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Burke v. Veolia Energy Co.

United States District Court, E.D. Pennsylvania

February 1, 2017

BETZAIDA BURKE, et al.
v.
VEOLIA ENERGY COMPANY, et al.

          MEMORANDUM

          Juan R. Sánchez, J.

         Plaintiffs Betzaida and Joseph Burke, husband and wife, bring claims for negligence and loss of consortium against Veolia Energy Philadelphia, Inc., [1] the City of Philadelphia, and the United States of America, seeking damages for injuries they sustained as a result of an accident in which Ms. Burke tripped and fell on an uneven walking surface in front of a federal building in Philadelphia. Plaintiffs' claims against the United States are brought pursuant to the Federal Tort Claims Act (FTCA), which grants the federal district courts exclusive jurisdiction over civil actions against the United States for money damages for personal injuries caused by negligent or wrongful acts or omissions by Government employees. See 28 U.S.C. § 1346(b)(1). The United States moves to dismiss the Complaint for lack of subject matter jurisdiction based on Plaintiffs' failure to exhaust administrative remedies before filing the instant lawsuit. Plaintiffs do not dispute that their claims against the United States are premature, but urge the Court to stay this action until Ms. Burke's administrative claim is exhausted, which will occur as a matter of law in less than a month. Because Plaintiffs' proposed approach is not permitted, the United States' motion to dismiss will be granted. As the denial of Ms. Burke's administrative claim is not yet final, her negligence claim against the United States will be dismissed without prejudice to refiling after the claim has been properly exhausted. Because Mr. Burke failed to timely present an administrative claim to the General Services Administration (GSA), his loss of consortium claim will be dismissed with prejudice.

         FACTS[2]

         On October 23, 2014, [3] while walking on a sidewalk or walkway adjacent to the federal building located in the 900 block of Market Street in Philadelphia, Betzaida Burke tripped and fell on an uneven walking surface consisting of broken pavement adjacent to a wobbly and unsturdy manhole or steam pipe cover.[4] Ms. Burke sustained significant orthopedic injuries as a result of her fall.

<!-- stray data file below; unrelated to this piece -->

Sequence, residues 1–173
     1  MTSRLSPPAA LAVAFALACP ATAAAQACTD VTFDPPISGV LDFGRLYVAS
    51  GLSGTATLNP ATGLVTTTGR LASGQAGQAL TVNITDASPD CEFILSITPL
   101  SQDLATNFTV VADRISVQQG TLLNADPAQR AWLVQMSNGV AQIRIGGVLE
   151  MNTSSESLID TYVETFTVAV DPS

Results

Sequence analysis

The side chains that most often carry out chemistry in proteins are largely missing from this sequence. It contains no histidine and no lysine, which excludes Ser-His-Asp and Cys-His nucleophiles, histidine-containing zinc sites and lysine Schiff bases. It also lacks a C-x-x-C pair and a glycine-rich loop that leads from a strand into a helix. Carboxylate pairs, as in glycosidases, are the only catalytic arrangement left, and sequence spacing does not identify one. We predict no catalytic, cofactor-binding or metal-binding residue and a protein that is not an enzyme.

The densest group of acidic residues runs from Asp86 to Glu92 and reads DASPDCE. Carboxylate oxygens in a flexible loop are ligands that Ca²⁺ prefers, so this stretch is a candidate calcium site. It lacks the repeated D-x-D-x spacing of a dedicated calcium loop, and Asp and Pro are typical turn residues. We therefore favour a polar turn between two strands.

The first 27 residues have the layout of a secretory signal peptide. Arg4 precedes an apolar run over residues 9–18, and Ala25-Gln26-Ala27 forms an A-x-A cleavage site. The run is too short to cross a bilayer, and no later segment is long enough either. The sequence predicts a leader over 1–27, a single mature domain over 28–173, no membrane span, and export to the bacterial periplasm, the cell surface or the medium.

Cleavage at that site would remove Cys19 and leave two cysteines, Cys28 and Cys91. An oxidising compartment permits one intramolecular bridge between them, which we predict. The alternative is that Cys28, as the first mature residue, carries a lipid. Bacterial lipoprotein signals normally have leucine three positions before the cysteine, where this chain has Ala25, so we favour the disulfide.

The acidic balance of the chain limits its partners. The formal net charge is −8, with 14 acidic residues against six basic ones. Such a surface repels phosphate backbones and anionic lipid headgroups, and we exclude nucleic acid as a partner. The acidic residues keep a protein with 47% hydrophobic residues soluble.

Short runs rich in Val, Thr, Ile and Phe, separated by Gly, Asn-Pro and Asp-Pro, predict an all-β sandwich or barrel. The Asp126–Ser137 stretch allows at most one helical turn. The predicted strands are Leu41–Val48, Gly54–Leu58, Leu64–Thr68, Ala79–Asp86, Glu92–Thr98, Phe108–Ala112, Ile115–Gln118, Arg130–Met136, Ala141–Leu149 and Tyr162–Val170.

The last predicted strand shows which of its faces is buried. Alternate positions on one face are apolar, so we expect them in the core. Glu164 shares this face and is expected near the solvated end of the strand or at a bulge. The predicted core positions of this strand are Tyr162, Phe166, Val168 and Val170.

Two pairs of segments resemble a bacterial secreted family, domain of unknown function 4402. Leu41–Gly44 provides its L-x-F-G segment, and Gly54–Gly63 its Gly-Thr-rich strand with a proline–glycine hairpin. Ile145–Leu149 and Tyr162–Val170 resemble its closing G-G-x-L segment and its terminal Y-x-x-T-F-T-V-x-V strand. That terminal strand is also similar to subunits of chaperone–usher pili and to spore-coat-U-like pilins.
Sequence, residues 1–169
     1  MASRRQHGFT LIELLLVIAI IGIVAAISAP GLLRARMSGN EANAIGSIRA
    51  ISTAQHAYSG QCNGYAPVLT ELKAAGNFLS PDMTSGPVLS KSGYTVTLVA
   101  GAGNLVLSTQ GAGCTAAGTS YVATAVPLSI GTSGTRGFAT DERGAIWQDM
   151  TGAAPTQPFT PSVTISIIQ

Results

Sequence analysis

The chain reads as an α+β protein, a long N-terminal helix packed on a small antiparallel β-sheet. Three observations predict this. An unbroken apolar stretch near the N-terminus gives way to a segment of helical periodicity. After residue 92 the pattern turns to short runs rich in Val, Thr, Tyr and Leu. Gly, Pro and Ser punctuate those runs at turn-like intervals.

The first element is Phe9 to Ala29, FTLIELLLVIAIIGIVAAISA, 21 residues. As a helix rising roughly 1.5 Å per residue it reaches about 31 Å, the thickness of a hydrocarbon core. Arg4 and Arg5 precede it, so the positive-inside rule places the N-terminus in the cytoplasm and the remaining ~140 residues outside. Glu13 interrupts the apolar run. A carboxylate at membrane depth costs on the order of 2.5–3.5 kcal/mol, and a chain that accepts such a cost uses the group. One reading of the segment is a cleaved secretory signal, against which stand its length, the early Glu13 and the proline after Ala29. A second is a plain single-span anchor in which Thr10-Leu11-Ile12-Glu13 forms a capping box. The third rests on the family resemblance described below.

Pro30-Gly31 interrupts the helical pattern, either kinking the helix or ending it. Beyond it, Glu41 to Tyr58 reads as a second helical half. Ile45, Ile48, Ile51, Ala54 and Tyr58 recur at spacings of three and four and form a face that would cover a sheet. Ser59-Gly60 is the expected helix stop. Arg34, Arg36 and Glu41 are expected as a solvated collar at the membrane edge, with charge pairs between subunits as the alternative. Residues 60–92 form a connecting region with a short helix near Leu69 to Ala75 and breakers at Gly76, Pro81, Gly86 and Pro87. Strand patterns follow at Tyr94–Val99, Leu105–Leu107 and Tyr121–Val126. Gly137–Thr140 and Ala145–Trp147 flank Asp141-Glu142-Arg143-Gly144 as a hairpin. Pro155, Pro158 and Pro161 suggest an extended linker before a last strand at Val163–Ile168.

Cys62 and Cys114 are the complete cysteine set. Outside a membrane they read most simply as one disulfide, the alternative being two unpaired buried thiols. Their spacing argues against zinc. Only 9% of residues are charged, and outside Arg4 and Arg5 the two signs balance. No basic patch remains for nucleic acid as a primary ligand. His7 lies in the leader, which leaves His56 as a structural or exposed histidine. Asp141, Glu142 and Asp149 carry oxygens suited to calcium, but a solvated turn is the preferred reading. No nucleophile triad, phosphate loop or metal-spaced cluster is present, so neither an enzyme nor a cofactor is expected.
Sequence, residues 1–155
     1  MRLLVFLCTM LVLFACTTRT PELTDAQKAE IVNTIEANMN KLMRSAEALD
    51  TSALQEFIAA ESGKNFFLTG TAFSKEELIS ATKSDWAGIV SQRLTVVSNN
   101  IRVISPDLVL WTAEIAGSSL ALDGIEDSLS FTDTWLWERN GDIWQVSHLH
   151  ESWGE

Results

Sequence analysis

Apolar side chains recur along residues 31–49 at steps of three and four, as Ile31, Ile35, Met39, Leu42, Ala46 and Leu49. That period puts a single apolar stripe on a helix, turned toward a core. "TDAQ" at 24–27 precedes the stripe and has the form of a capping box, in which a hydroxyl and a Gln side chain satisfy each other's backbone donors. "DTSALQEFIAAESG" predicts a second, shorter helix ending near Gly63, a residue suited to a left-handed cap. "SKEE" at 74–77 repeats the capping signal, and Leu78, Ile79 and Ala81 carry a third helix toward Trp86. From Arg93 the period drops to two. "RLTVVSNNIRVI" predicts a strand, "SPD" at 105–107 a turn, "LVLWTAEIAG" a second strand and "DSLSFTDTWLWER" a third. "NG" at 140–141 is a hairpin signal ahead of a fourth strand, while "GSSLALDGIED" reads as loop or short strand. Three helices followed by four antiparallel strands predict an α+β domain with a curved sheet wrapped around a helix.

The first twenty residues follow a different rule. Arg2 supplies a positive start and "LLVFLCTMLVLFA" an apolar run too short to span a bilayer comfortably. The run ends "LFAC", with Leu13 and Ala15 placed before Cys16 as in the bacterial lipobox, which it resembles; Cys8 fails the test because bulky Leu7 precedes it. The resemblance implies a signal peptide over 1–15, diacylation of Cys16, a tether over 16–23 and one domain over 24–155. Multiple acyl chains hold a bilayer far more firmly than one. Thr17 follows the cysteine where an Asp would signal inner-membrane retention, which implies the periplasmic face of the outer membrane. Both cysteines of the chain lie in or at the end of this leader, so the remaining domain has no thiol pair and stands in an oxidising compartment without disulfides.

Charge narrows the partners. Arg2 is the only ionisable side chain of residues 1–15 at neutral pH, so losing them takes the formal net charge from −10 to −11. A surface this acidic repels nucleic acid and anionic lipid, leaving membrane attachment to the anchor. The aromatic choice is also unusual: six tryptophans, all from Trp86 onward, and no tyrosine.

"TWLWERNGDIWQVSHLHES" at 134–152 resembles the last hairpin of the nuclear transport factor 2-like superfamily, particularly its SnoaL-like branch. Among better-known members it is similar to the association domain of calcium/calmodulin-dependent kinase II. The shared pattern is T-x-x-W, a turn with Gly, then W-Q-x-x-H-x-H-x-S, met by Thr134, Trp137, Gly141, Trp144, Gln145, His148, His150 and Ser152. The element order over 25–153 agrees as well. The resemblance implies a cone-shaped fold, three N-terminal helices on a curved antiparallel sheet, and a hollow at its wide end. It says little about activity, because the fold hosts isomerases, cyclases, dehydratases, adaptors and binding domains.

Sometime in 2015, [5] Ms. Burke submitted an administrative claim to GSA, alleging she had been “caused to trip on an uneven and broken pavement adjacent to a building owned by the U.S. GSA, ” which “caused [her] to roll her right foot and ankle causing a complete tear of the anterior talofibular ligament.” Gov't's Mem. in Supp. of Mot. to Dismiss Ex. A. The claim form lists the amount of the claim as $250, 000 for personal injury. Id. GSA received Ms. Burke's claim on December 24, 2015, see id., and denied the claim by letter dated on June 30, 2016, see Id. Ex. B. On July 5, 2016, Ms. Burke submitted a request for reconsideration of the denial, which GSA received on August 9, 2016, see id., and which remains pending.

         On October 21, 2016, Ms. Burke and her husband filed this action, asserting, on behalf of Ms. Burke, claims for negligence against Veolia as the owner of the manhole/steam pipe cover, the City as the owner of the sidewalk/walkway where the fall occurred, and the United States as the owner of the real property and federal building adjacent to the accident location. Plaintiffs also assert claims for loss of consortium on behalf of Mr. Burke against all three Defendants.

         Although Veolia and the City have both answered the Complaint, the United States filed the instant motion to dismiss, arguing this Court lacks subject matter jurisdiction under the FTCA because Plaintiffs failed to exhaust their administrative remedies before initiating this federal court action.

         DISCUSSION